Our House – an Introduction

Our 2-bedroom-house is located in rural Dorset. It was built in the 18th century. Very old, probably older than your grandad’s grandad. It is, in fact, older than Thomas Hardy’s cottage that is situated not far from where we live in Lower Bockhampton.

Sometimes it feels as though we still live in the century it was built in. The walls are made of cob, the roof is made of thatch, and there is no central heating.

Cob Walls

For those who may read this from different parts of the world, cob walls are really thick walls, approximately 60cm deep.  Essentially they are made out of soil, water, sometimes straw and dung. Apparently, some people nowadays are looking into cob walls again for more sustainable buildings.

Thatched Roof

Most of you probably know what thatched roof is, roofs that are made of leaves or straw or reed. In our case, it is made of Dorset reed. So no tiled roof, nothing that solid. The roof has to be replaced every 20 to 30 years depending on what type of material they used and how good was the thatch. It also has ridges or sides that have to be replaced every 10 to 15 years.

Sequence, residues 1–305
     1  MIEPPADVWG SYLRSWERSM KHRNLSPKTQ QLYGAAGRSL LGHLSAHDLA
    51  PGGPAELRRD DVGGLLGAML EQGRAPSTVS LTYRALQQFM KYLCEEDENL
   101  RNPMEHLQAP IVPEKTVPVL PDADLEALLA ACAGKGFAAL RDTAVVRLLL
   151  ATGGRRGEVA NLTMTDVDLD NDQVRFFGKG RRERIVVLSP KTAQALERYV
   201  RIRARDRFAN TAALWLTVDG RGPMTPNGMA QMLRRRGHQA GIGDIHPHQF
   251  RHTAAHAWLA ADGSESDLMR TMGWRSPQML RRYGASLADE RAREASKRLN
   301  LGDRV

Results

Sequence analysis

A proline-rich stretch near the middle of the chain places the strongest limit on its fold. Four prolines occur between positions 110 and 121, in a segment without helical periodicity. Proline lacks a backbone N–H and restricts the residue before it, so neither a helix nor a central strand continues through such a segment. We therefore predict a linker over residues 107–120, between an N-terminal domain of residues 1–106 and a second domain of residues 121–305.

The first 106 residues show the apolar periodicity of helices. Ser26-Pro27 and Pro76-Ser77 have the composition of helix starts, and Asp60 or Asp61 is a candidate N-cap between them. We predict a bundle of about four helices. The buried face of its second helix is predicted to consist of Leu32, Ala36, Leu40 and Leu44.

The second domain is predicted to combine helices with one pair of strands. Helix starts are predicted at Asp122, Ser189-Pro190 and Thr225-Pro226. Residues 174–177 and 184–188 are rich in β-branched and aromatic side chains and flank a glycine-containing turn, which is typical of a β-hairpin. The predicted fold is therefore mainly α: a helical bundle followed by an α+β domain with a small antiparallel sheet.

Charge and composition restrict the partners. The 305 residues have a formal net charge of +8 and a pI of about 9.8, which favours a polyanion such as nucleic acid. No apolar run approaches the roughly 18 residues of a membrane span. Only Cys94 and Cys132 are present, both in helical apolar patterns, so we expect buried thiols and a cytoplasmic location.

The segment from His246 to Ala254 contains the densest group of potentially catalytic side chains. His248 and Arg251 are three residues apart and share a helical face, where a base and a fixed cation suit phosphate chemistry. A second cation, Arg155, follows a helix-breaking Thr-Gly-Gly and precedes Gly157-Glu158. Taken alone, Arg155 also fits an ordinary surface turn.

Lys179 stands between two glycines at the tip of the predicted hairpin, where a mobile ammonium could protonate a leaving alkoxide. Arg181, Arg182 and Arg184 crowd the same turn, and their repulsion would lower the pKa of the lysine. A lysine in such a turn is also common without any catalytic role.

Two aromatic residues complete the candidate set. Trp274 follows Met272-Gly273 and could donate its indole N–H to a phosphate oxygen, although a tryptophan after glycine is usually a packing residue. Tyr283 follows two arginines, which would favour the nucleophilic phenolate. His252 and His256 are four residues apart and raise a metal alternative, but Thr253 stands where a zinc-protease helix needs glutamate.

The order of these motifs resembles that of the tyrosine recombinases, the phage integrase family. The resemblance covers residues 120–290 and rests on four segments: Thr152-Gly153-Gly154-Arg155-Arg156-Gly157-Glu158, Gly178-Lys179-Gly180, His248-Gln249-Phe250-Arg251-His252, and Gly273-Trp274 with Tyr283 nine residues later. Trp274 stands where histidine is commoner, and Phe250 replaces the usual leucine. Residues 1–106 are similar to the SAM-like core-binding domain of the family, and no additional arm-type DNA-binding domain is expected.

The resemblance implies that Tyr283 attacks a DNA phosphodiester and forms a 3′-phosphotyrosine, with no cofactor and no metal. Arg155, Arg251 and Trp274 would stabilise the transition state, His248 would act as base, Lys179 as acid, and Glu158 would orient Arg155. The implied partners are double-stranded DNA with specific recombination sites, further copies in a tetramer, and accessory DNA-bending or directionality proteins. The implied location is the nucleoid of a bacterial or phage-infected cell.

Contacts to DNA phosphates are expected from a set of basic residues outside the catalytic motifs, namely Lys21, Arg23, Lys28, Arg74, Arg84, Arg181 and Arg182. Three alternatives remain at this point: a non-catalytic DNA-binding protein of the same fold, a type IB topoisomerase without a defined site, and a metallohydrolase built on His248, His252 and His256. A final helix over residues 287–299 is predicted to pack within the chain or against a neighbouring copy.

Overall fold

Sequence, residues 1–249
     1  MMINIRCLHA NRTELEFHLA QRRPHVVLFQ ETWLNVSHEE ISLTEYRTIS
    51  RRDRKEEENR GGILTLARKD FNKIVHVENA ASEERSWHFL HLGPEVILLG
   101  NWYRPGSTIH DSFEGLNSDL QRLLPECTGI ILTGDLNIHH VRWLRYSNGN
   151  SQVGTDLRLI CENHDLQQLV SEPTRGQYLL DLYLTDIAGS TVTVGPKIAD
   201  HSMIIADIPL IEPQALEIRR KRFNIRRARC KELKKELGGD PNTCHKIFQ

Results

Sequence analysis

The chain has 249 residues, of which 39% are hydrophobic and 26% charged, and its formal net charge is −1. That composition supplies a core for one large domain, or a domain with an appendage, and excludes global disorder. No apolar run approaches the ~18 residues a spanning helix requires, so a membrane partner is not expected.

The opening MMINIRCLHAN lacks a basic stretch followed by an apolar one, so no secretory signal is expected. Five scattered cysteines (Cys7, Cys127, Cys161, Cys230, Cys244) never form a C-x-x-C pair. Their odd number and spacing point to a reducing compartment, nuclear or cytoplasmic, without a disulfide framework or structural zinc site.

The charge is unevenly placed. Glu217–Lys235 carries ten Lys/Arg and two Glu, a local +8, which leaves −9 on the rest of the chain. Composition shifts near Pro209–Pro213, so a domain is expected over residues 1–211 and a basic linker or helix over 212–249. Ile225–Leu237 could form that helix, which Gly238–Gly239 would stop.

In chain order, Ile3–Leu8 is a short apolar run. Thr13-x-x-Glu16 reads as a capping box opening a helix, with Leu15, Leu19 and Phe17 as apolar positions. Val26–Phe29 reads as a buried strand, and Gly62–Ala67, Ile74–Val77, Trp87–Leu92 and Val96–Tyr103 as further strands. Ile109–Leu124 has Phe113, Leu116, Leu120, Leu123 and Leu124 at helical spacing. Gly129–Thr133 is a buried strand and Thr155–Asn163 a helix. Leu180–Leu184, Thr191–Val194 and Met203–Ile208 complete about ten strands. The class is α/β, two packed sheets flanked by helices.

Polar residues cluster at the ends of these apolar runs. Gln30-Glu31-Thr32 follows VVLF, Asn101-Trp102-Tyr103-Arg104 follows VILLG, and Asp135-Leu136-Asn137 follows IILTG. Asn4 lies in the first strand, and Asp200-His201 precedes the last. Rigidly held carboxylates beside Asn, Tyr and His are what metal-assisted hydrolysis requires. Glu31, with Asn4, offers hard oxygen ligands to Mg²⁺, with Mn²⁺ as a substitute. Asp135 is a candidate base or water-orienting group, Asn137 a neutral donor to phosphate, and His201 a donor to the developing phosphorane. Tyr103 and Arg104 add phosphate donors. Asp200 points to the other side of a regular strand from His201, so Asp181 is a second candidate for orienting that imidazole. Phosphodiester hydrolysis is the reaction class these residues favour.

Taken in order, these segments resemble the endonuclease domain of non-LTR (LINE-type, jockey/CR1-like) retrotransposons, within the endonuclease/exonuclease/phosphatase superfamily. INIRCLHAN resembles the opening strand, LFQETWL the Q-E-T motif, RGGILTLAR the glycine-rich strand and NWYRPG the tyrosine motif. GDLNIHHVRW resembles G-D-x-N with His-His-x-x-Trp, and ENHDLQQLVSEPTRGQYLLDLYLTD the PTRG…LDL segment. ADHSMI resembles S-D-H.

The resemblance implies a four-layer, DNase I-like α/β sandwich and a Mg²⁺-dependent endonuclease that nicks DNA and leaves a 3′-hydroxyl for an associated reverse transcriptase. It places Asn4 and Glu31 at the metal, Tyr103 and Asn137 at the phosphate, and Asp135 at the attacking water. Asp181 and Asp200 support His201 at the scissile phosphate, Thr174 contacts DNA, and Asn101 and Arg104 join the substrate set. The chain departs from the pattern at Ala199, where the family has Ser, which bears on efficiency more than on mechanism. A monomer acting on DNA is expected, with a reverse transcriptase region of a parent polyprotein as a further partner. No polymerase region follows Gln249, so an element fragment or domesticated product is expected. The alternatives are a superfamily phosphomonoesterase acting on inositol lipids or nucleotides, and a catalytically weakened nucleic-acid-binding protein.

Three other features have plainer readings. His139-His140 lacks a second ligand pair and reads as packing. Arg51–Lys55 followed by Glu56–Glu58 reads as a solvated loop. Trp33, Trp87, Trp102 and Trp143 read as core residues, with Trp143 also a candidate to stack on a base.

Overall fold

Inglenook  fireplace

When we say that we have no central heating, it means that in our village no one else has central heating. People use things like oil, coal fire, and some, like us wood logs, to heat up the house. We have a traditionally-old-wooden-beamed-half-of-the-room-sized-fireplace.

Inglenook Fireplace and wooden beams

Why this house?

Some of you might think, no central heating? walls made out of dung? fireplace and a roof made out of dried reed, doesn’t sound really safe. What if there are fire? Cold and sounds expensive to run. Why did these crazy people buy this house?

But some of you might think like we did, when we decided to buy the house, the house certainly has got characters. When the fire is on it is really cosy and homey. It has lovely wooden beams across the living room and wonderfully organic nooks and cranny everywhere. We love the layout, the sizes of the rooms and the really pretty garden.

We will tell you more about the house in our next posts. We can share our pain and joy of having a really old house that is also protected as a grade two listed house.

Have you got a similar house to us? how do you find it? any tips on how to manage all this?

If you have not got a similar house to us, what would you prefer to have a house full of character and comfortable or a house that is easy to live in and practical?

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